Treatment of the Natives in the New World

The New World sparked interest from those all over the world. Once the word got around to the Europeans, many wanted to experience all it had to offer and wanted to benefit from its resources. From fur to tobacco, the French, Dutch, and English powers all had interest in the New World, and it was how they treated the natives they came into contact with that ultimately defined their success or failure as a colony.
    The French colonists had a huge interest in the fish and fur when establishing New France. Both were a huge source of wealth, and beaver hats especially had become very popular in Europe and were of high demand (31). The French, unlike the other European colonies, took a very peaceful approach to the native people of the New World. The Indians and the French established a partnership with the fur trade. As a result of this, the Indians saw the French as military allies as well as trading partners. Because of this, the French were entangled in rivalries between Indian groups that had long been established before the colonists arrived (32).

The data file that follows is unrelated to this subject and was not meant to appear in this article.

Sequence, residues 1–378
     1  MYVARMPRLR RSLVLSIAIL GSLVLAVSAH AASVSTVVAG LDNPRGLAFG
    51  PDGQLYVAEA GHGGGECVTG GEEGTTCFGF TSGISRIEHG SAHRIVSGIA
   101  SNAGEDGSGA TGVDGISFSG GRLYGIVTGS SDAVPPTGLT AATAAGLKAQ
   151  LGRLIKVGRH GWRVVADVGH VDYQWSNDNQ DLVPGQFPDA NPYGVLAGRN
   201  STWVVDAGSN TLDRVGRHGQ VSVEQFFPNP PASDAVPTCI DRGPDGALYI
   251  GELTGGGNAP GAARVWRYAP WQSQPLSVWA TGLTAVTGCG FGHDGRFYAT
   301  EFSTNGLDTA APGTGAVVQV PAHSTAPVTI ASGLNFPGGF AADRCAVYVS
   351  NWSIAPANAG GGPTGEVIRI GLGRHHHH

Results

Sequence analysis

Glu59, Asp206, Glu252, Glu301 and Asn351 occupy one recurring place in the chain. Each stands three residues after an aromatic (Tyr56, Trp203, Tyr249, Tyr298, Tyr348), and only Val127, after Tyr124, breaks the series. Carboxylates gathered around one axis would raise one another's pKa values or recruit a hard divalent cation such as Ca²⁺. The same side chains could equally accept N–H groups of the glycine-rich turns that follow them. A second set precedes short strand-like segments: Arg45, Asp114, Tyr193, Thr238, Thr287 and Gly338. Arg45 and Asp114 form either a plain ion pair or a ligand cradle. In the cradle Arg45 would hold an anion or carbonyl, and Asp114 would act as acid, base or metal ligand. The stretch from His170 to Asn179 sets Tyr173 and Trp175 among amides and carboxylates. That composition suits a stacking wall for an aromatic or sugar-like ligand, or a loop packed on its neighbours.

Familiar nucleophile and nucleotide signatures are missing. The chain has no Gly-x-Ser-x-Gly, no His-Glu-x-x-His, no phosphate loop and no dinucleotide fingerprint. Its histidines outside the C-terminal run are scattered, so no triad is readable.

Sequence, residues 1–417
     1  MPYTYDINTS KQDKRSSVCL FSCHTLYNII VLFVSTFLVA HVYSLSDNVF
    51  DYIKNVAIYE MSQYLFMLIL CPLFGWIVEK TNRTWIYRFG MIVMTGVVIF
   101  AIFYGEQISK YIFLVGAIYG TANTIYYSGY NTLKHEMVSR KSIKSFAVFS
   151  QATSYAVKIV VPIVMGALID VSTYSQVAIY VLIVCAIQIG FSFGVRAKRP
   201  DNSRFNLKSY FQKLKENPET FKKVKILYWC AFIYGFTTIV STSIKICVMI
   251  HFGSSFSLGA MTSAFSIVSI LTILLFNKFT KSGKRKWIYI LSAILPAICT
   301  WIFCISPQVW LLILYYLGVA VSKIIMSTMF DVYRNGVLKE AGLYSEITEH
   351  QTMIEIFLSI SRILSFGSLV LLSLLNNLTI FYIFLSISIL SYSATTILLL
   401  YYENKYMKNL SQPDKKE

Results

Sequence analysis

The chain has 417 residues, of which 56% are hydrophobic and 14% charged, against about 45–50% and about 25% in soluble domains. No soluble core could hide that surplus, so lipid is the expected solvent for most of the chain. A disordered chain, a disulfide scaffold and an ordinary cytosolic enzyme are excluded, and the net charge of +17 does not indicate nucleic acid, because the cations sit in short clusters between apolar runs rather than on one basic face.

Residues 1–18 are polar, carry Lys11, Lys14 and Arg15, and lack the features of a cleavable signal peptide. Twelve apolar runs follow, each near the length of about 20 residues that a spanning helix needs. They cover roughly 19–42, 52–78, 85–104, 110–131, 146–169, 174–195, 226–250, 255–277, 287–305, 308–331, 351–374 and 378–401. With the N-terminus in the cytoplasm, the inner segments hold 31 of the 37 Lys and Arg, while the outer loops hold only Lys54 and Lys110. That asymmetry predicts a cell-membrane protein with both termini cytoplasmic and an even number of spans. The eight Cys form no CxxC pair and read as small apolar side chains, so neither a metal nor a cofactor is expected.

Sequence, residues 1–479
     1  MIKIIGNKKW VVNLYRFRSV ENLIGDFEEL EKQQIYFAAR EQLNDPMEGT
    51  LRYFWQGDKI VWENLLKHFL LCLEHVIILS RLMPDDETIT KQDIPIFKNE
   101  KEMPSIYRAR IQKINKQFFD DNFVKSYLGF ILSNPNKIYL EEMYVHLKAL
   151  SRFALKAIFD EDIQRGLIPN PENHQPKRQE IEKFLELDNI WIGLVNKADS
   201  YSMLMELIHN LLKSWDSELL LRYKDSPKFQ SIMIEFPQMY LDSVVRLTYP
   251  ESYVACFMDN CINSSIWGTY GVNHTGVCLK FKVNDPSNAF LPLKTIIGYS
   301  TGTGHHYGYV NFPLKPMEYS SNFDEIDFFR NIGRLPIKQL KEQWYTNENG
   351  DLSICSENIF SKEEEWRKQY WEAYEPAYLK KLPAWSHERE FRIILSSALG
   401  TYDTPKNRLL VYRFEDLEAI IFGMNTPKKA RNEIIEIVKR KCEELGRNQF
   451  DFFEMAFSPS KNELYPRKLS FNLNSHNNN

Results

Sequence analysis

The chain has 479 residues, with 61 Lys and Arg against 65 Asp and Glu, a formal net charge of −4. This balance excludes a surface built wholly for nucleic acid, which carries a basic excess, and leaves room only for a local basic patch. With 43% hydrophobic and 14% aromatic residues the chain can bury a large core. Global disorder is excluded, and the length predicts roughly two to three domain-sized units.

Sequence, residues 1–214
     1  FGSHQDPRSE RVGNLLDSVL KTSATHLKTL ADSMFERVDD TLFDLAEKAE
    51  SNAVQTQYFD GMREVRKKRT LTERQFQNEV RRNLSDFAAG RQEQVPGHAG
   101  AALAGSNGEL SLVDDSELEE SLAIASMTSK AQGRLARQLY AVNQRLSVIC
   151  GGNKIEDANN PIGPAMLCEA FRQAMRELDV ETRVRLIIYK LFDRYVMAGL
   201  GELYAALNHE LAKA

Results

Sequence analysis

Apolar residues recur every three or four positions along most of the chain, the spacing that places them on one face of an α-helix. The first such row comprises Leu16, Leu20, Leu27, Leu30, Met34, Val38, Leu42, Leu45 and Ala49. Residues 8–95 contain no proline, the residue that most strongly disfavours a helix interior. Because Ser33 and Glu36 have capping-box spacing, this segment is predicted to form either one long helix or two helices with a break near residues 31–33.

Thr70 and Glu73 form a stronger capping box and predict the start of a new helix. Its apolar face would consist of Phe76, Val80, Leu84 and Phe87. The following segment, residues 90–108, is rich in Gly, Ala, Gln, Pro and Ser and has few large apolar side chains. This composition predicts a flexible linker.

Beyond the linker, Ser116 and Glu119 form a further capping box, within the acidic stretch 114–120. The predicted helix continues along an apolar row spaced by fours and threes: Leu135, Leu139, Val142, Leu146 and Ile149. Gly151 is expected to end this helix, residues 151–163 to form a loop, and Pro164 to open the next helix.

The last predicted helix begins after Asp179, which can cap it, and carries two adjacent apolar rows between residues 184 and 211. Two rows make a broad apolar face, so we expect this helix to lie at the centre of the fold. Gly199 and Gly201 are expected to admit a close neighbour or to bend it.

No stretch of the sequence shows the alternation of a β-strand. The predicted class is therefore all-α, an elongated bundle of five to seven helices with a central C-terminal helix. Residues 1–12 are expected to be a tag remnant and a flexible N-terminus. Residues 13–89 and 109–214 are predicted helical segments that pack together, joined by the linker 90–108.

The Dutch, like the French, focused mainly on the fur trade as well, and they created the West India Company. The heart of the New Netherland colony became the Hudson River, sitting between the two settlements of Fort Orange and New Amsterdam. While they made good relations with the Iroquois trading partners, they weren’t as civil with other Indian tribes. Governor Willem Kieft ordered a massacre of an encampment of Indian refuges who refused to pay him tribute and Governor Peter Stuyvesant antagonized the Susquehannocks by seizing a small Swedish colony where the Susquehannocks traded. As a result, these actions provoked retaliatory raids by the Indians which further weakened the colony (33).
    After the disappearance of the Roanoke colony, the English attempted to settle again twenty years later at Jamestown. They succeeded because of the American plant, tobacco, which was in high demand in Europe (33)....